a housing having an elongate base defining a longitudinal axis along a length of the base and integral angled side panels extending along a lateral axis along a width of the base substantially perpendicular to the longitudinal axis, the base and the side panels defining an interior cavity for receipt of the at least one light tube, the base further defining a plurality of ballast mounting holes for universal mounting of at least one ballast to provide power to the chosen number and type of the at least one fluorescent light tube;
a plurality of integrally formed vents extending away from the housing and each defining a vent opening in communication with the interior cavity, the plurality of vent openings positioned so that each of four respective directions along the longitudinal and the lateral axes includes at least one vent opening directed toward the respective direction and substantially perpendicular to the respective direction; and
a first and a second universal light socket bridge positioned in the interior cavity separated along the longitudinal axis and each extending along the lateral axis, each of the first and the second socket bridges are connected to the housing and define a plurality of light tube socket holes in a first row spaced apart and alignment along the lateral axis and a second row positioned outward from the first row along the longitudinal axis and in respective alignment with the other holes in the second row along the lateral axis, wherein the first and the second socket bridges are readily adaptable to accept a desired number and varying length of the at least one light tube through selective use of the first and the second rows of socket holes in the first and the second socket bridges.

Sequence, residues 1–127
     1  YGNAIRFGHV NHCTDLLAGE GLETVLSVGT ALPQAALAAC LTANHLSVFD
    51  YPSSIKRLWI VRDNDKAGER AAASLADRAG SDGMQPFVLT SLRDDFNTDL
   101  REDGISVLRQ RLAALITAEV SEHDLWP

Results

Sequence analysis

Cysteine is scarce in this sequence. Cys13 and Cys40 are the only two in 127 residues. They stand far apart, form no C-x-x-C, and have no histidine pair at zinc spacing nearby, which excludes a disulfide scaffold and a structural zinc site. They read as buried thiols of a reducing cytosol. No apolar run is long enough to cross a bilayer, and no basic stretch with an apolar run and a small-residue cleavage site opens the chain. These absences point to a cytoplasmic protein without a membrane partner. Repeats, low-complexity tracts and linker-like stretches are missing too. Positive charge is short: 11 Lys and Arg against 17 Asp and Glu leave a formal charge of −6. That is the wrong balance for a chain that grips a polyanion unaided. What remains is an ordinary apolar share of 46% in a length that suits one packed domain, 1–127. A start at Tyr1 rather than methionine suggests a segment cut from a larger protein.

10. The light fixture of claim 9 wherein the housing further comprises a first end cap and an opposing second end cap attached to opposing ends of the base and side panels.
11. The light fixture of claim 9 further comprising at least one light socket mounted in each of the first and the second socket bridges, wherein the sockets receive and support the at least one light tube in the light fixture.
12. The light fixture of claim 9 further comprising a reflector removably mounted to the first and the second socket bridges.